Common Good Iowa

Big income-tax cuts are wrong for Iowa

The income tax is a way we lay the foundation for widespread opportunity in our state. Proposals at the Iowa Capitol would speed up and deepen big personal income-tax cuts passed in 2022 and advance a radical plan to lock in the resulting damage.

Income-tax cuts will blow a hole in the state budget

  • You can’t get something for nothing. The personal income tax generates nearly half the state budget. Slashing the income tax will demand painful, unpopular cuts to services that help Iowans thrive: everything from local public schools and mental and maternal health care to state parks and trails.

  • Although Iowa has a temporary budget surplus lawmakers can use to paper over damage to services in the short term, surpluses are one-time dollars. When they’re gone, they’re gone.

Income-tax cuts rig the system against working Iowans

  • Income-tax cuts are a giveaway to the richest Iowans. The most extreme plans — to eliminate the income tax altogether — would give the top 1% of earners an average cut of $60,000. People in the bottom 20% would get an average cut of $45.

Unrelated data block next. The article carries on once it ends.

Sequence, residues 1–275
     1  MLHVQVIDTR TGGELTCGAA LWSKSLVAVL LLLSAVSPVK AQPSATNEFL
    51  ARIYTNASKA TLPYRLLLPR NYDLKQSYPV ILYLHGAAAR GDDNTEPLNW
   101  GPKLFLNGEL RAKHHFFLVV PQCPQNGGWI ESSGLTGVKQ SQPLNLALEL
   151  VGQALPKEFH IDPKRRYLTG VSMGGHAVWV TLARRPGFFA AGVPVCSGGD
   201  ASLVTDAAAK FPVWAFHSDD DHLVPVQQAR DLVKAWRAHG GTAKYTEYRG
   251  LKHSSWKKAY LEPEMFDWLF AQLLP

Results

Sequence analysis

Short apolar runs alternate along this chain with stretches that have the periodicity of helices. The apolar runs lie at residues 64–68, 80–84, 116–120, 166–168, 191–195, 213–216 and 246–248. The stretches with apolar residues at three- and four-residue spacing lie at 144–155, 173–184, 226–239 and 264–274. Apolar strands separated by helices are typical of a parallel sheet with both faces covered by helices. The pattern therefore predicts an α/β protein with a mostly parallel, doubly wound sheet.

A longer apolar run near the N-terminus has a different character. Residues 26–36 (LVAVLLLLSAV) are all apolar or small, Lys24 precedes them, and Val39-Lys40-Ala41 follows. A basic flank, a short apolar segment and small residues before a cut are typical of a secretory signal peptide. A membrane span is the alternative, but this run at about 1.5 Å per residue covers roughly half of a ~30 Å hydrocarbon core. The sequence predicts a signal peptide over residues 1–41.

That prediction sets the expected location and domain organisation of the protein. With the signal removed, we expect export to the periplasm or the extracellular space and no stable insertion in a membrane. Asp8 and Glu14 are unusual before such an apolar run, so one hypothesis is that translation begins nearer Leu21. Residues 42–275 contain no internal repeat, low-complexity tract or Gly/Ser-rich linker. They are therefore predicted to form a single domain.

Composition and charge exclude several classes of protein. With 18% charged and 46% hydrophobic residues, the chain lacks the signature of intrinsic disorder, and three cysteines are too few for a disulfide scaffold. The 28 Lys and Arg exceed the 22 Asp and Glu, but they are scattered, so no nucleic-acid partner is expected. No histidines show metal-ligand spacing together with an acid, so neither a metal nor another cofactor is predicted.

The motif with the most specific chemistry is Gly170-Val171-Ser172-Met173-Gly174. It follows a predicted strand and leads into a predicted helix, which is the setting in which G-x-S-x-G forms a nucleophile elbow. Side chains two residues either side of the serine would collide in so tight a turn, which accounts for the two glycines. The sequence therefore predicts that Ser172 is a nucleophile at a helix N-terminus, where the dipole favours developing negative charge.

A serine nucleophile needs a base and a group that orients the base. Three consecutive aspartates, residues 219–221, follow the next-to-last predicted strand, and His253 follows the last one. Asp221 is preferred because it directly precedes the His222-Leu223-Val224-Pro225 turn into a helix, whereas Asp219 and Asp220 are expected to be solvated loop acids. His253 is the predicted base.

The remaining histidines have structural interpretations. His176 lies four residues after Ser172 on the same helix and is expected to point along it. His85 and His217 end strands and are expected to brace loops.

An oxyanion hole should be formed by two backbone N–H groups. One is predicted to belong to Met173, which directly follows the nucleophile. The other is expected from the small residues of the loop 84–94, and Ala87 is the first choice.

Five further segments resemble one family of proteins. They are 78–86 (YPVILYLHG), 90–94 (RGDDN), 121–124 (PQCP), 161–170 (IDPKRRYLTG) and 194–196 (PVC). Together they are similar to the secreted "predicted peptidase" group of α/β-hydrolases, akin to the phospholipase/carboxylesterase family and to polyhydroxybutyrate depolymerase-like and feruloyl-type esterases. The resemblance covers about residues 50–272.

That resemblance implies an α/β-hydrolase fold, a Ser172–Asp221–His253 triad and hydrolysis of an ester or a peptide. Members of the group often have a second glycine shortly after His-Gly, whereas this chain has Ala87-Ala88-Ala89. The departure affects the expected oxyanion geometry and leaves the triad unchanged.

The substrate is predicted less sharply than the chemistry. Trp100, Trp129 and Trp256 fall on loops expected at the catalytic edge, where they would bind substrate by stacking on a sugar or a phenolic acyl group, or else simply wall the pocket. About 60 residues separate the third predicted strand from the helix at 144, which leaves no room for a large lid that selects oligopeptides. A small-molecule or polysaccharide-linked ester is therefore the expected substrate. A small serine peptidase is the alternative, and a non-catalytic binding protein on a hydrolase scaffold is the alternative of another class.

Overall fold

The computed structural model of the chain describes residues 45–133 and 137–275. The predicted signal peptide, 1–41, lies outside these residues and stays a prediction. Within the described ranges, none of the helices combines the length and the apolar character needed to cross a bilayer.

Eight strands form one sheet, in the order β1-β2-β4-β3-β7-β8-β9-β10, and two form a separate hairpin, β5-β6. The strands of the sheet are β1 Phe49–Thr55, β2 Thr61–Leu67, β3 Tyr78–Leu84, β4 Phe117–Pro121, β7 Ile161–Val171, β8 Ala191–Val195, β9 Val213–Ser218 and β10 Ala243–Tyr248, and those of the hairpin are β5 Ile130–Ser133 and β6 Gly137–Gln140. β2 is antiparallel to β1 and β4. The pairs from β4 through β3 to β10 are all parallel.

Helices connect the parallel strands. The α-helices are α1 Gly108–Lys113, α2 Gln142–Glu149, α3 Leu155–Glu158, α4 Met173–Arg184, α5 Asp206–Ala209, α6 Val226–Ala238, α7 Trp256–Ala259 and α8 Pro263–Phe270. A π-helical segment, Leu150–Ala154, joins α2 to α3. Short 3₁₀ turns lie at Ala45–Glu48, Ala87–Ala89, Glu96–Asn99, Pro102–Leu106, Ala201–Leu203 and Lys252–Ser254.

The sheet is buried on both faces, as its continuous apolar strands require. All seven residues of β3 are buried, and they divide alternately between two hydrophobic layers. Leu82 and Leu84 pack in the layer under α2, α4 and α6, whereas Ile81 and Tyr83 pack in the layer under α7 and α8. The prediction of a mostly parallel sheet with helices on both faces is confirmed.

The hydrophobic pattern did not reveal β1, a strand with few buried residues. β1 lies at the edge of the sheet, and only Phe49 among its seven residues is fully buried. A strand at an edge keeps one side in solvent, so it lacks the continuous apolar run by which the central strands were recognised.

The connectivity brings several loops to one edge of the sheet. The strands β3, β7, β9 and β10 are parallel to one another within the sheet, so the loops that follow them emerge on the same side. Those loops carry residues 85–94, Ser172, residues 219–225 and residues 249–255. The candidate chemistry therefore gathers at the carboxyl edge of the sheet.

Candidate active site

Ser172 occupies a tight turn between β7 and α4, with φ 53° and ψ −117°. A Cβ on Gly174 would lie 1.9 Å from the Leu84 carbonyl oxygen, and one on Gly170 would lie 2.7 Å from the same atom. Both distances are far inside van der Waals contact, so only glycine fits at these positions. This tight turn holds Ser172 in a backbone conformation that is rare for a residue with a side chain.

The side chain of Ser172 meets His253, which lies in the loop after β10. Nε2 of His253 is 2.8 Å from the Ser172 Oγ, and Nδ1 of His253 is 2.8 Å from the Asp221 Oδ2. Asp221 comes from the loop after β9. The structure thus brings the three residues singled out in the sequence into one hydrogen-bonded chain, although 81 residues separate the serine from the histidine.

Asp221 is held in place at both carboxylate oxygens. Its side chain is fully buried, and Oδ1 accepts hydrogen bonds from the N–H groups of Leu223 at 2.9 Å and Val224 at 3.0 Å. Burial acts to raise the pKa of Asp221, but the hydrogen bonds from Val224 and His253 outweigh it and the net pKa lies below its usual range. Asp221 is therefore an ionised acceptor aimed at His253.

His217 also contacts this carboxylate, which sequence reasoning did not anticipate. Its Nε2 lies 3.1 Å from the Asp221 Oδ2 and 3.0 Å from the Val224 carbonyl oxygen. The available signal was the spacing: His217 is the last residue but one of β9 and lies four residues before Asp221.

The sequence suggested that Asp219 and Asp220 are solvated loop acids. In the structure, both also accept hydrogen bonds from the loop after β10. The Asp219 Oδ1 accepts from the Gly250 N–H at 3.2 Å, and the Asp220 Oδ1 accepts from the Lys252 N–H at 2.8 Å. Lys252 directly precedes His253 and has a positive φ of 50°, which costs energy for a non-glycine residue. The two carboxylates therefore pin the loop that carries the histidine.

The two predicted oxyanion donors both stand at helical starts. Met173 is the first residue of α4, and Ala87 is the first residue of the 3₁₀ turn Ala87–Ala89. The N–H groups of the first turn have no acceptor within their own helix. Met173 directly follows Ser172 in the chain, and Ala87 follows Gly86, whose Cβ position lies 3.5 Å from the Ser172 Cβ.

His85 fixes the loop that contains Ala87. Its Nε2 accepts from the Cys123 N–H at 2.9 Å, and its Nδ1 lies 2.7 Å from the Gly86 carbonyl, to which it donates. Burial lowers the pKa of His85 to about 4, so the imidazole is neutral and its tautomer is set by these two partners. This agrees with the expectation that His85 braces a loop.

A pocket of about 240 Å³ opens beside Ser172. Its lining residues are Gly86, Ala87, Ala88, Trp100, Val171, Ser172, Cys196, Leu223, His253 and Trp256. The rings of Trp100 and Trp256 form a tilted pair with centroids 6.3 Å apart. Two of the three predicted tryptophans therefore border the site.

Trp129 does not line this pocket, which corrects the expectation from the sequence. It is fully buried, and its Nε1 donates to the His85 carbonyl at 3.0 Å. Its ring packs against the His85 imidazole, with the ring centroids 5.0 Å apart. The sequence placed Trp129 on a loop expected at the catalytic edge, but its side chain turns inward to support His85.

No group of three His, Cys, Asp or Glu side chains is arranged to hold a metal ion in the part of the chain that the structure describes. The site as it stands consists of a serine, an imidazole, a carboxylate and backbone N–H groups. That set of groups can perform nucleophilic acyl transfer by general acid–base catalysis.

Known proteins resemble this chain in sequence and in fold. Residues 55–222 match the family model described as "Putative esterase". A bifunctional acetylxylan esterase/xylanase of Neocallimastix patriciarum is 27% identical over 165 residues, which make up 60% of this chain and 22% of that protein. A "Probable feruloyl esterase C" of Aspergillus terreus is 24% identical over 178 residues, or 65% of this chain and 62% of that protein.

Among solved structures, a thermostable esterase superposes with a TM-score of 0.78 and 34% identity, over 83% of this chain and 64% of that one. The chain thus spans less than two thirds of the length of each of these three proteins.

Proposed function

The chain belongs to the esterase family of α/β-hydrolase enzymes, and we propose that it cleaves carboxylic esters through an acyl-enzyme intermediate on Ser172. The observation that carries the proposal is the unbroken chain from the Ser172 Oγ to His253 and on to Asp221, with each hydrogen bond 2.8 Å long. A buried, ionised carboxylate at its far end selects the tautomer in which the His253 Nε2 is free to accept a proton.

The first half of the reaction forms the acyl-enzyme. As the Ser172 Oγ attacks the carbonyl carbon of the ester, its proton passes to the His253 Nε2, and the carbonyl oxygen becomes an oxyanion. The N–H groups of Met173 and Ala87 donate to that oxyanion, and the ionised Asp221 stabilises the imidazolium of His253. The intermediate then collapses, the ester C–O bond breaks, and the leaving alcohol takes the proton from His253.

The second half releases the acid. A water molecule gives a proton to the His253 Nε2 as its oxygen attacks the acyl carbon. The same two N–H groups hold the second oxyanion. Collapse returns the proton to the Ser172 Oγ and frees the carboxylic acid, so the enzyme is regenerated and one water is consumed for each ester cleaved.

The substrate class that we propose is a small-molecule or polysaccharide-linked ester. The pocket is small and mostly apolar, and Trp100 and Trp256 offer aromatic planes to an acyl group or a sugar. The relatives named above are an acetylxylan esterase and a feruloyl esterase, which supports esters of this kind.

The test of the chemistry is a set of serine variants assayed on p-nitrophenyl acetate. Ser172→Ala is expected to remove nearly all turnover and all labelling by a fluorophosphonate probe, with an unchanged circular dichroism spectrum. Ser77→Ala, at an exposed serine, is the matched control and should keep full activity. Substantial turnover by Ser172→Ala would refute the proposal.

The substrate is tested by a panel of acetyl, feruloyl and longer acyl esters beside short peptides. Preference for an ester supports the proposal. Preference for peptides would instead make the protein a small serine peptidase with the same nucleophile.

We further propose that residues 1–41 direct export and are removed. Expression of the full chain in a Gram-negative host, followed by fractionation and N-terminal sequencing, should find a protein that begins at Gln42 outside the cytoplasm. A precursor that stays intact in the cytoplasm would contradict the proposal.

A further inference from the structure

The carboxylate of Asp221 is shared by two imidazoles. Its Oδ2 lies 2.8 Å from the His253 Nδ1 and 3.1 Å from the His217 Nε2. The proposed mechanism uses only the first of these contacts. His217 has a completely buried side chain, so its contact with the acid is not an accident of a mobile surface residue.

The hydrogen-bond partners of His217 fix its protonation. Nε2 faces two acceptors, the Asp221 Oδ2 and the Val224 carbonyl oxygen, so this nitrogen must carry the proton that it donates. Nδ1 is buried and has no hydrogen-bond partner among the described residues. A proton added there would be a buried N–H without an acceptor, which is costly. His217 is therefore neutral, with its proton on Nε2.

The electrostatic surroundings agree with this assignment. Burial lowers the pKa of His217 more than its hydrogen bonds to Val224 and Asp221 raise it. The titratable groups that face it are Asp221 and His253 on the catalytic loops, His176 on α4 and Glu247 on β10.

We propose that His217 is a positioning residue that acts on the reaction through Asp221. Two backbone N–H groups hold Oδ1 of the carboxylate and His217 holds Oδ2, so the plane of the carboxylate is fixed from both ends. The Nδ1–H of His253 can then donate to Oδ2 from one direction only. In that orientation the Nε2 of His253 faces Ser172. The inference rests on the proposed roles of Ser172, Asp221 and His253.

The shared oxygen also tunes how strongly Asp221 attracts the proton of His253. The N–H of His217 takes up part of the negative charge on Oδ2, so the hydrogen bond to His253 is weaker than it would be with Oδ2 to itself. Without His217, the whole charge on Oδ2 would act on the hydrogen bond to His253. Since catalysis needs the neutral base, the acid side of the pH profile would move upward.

• Even now, low- and middle-income Iowans pay a higher share of their incomes in total state and local taxes (income, sales and property) than richer neighbors. More cuts to the income tax, our only tax based on the ability to pay, would make the imbalance worse.

Constitutional amendments would lock in breaks for wealthy

  • A proposed amendment would tie the hands of future lawmakers, keeping them from setting income-tax rates based on the ability to pay. By requiring a single, or flat, rate, it would force middle-class and poor families to shoulder much more of the load for our shared responsibilities.

  • Another would further cement inequity by requiring a 2/3 majority for income-tax increases — handing veto power over undoing budget damage to as few as 17 lawmakers and increasing pressure to increase sales and property taxes.

Bottom line: Reckless tax cuts run counter to our state's tradition of common-sense policymaking to promote widespread opportunity. They're wrong for Iowa.

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